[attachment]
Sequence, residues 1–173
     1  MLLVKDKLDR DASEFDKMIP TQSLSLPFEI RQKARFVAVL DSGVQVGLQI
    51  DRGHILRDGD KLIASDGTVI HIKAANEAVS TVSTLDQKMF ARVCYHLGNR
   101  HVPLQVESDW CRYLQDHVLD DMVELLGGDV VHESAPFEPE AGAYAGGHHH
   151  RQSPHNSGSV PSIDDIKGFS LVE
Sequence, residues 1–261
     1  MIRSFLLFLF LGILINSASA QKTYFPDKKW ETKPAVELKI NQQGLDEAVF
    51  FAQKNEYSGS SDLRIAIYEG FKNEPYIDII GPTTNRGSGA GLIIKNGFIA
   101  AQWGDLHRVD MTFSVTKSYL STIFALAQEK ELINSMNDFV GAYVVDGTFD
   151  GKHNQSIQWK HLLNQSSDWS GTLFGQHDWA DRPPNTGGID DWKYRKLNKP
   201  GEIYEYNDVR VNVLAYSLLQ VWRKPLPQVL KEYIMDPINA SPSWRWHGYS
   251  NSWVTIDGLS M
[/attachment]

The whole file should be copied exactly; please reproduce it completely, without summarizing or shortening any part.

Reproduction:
Sequence, residues 1–173
     1  MLLVKDKLDR DASEFDKMIP TQSLSLPFEI RQKARFVAVL DSGVQVGLQI
    51  DRGHILRDGD KLIASDGTVI HIKAANEAVS TVSTLDQKMF ARVCYHLGNR
   101  HVPLQVESDW CRYLQDHVLD DMVELLGGDV VHESAPFEPE AGAYAGGHHH
   151  RQSPHNSGSV PSIDDIKGFS LVE
Sequence, residues 1–261
     1  MIRSFLLFLF LGILINSASA QKTYFPDKKW ETKPAVELKI NQQGLDEAVF
    51  FAQKNEYSGS SDLRIAIYEG FKNEPYIDII GPTTNRGSGA GLIIKNGFIA
   101  AQWGDLHRVD MTFSVTKSYL STIFALAQEK ELINSMNDFV GAYVVDGTFD
   151  GKHNQSIQWK HLLNQSSDWS GTLFGQHDWA DRPPNTGGID DWKYRKLNKP
   201  GEIYEYNDVR VNVLAYSLLQ VWRKPLPQVL KEYIMDPINA SPSWRWHGYS
   251  NSWVTIDGLS M